vesical calculus

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 [kal´ku-lus] (pl. cal´culi) (L.)
an abnormal concretion, usually composed of mineral salts, occurring within the body, chiefly in hollow organs or their passages. Called also stone. See also kidney stone and gallstone. adj., adj cal´culous.
biliary calculus gallstone.
bladder calculus vesical calculus.
bronchial calculus broncholith.
calcium oxalate calculus oxalate calculus.
dental calculus a hard, stonelike concretion, varying in color from creamy yellow to black, that forms on the teeth or dental prostheses through calcification of dental plaque; it begins as a yellowish film formed of calcium phosphate and carbonate, food particles, and other organic matter that is deposited on the teeth by the saliva. It should be removed regularly by a dentist or dental hygienist; if neglected, it can cause bacteria to lodge between the gums and the teeth, causing gum infection, dental caries, loosening of the teeth, and other disorders. Called also tartar.
gastric calculus gastrolith.
intestinal calculus enterolith.
lung calculus a hard mass or concretion formed in the bronchi around a small center of inorganic material, or from calcified portions of lung tissue or adjacent lymph nodes. Called also pneumolith.
mammary calculus a concretion in one of the lactiferous ducts.
nasal calculus rhinolith.
oxalate calculus a hard urinary calculus of calcium oxalate; some are covered with minute sharp spines that may abrade the renal pelvic epithelium, and others are smooth. Called also calcium oxalate calculus.
phosphate calculus a urinary calculus composed of a phosphate along with calcium oxalate and ammonium urate; it may be hard, soft, or friable, and so large that it may fill the renal pelvis and calices.
prostatic calculus a concretion formed in the prostate, chiefly of calcium carbonate and phosphate. Called also prostatolith.
renal calculus kidney stone.
staghorn calculus a urinary calculus, usually a phosphate calculus, found in the renal pelvis and shaped like the antlers of a stag because it extends into multiple calices.
urate calculus uric acid calculus.
urethral calculus a urinary calculus in the urethra; symptoms vary according to the patient's sex and the site of lodgment.
uric acid calculus a hard, yellow or reddish-yellow urinary calculus formed from uric acid.
urinary calculus a calculus in any part of the urinary tract; it is vesical when lodged in the bladder and renal (see kidney stone) when in the renal pelvis. Common types named for their primary components are oxalate calculi, phosphate calculi, and uric acid calculi. Called also urolith.
uterine calculus any kind of concretion in the uterus, such as a calcified myoma. Called also hysterolith and uterolith.
vesical calculus a urinary calculus in the urinary bladder. Called also bladder calculus.
Miller-Keane Encyclopedia and Dictionary of Medicine, Nursing, and Allied Health, Seventh Edition. © 2003 by Saunders, an imprint of Elsevier, Inc. All rights reserved.

ves·i·cal cal·cu·lus

a urinary calculus formed or retained in the bladder.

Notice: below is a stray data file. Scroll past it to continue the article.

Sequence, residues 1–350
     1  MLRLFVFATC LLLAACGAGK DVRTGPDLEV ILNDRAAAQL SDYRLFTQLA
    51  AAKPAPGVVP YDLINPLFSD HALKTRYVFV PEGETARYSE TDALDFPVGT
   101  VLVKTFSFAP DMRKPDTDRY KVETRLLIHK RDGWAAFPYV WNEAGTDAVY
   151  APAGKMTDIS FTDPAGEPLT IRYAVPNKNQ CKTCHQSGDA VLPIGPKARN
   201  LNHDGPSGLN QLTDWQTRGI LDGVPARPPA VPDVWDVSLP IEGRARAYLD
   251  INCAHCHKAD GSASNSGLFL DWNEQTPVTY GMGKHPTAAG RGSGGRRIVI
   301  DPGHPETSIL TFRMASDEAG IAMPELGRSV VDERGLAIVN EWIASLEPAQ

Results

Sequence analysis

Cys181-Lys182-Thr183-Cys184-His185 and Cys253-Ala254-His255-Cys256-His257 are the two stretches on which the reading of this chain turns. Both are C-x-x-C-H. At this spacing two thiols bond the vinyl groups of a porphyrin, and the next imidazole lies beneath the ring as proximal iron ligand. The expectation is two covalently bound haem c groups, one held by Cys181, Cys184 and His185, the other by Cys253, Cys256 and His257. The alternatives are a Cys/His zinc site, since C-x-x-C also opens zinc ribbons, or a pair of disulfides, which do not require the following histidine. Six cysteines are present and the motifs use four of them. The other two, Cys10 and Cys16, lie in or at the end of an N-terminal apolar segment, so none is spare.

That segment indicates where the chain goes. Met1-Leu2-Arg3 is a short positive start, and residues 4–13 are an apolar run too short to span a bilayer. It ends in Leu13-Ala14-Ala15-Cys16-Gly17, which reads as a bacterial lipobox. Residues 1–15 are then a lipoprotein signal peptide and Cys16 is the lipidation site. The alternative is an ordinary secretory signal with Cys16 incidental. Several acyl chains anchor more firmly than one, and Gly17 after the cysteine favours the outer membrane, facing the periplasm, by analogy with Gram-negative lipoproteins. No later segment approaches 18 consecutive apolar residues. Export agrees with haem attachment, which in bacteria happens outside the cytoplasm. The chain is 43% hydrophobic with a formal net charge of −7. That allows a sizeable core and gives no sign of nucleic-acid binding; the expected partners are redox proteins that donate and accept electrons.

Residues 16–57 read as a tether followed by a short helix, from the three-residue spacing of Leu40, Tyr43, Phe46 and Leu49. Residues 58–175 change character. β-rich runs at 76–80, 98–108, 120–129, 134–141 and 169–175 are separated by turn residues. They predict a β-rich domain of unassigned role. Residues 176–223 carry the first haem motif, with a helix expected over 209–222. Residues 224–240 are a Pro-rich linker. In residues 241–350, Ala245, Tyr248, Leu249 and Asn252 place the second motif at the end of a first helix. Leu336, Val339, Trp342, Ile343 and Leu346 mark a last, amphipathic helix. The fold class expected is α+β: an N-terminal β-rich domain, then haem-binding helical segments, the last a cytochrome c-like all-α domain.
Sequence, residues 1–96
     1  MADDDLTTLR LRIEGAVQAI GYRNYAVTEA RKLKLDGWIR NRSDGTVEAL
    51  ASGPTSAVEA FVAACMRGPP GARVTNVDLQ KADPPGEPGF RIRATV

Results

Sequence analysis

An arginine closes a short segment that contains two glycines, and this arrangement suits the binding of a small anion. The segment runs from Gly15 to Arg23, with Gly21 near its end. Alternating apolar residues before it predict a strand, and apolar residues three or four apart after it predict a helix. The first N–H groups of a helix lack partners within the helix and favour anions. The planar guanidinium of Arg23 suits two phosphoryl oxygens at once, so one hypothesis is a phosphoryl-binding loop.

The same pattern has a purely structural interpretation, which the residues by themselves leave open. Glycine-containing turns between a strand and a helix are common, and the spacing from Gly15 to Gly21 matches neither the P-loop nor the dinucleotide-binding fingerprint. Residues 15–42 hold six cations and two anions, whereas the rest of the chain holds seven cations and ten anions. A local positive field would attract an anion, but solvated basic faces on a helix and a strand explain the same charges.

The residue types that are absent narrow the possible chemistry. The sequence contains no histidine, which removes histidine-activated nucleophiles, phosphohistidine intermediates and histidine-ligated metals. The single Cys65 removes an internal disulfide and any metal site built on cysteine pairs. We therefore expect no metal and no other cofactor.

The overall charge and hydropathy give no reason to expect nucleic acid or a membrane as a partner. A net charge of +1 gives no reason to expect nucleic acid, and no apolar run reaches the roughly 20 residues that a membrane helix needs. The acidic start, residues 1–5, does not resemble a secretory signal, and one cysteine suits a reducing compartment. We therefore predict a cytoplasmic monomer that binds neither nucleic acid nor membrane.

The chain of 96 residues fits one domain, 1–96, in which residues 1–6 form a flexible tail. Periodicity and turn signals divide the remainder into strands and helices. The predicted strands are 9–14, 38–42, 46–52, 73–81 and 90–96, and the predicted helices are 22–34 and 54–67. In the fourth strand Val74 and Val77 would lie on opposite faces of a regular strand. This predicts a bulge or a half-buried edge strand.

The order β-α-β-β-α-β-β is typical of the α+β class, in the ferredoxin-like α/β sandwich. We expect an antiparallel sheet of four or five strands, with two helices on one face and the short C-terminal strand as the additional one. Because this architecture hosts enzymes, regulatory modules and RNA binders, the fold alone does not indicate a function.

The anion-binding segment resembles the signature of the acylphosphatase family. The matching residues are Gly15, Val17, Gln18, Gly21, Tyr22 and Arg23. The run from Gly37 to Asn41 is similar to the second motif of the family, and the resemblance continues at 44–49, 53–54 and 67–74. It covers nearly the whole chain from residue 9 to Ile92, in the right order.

Synonym(s): cystolith
Farlex Partner Medical Dictionary © Farlex 2012

ves·i·cal cal·cu·lus

(ves'i-kăl kal'kyū-lŭs)
A urinary calculus formed or retained in the bladder.
Medical Dictionary for the Health Professions and Nursing © Farlex 2012
References in periodicals archive ?
Pain in cases of renal and ureteric calculus is due to increased intraluminal pressure; while in vesical calculus due to irritation of the bladder wall, burning in micturition is suggestive of associated urinary tract infection.
Giant vesical calculus formed around arterial graft incorporated into bladder.
Utervaginal prolapse with Giant Vesical Calculus: a rare case report.
Giant vesical calculus and carcinoma of the bladder.
In our case, the stent was in the urinary tract for 9 years after open surgery and it had migrated to the urinary bladder, where it acted as a nidus for the formation of large secondary vesical calculus which was removed by supra pubic cystolithotomy with successful achievement.
The patient was immediately booked for caesarean section with an indication of obstructed labour due to a large vesical calculus. Surgeons were requested in theatre for the management of the vesical calculus.
The non-absorbable suture material is the most common cause for hanging vesical calculus. The complication can be prevented by the routine use of absorbable material in sutures outside the urinary bladder; no use of any suture through the urinary bladder and layer by layer closure of laparotomy wounds under direct vision.
In terms of presentation, 42(9%) of the 480 patients presented with dysuria and lower abdominal pain out of which 28(66%) were diagnosed as uretheral stenosis and 14(34%) as vesical calculus. Besides, 70(15%) patients presented with urinary incontinence out of which 28(40%) were diagnosed as cystitis and 14(20%) each as trabeculated bladder, enlarged prostate and uretheral stricture.
(4.) Basu A, Mojahid I, Williamson EP.Spontaneous bladder rupture resulting from giant vesical calculus. Br J Urol.
Dietary analysis in cases of vesical calculus gives information about various properties of different foods.
Intravesical Cu-T migration: an atypical and infrequent cause of vesical calculus. Int Urol Nephrol 2007;39:457-9.
Intravesical Cu-T emigration: an atypical and infrequent cause of vesical calculus. IntUrolNephrol.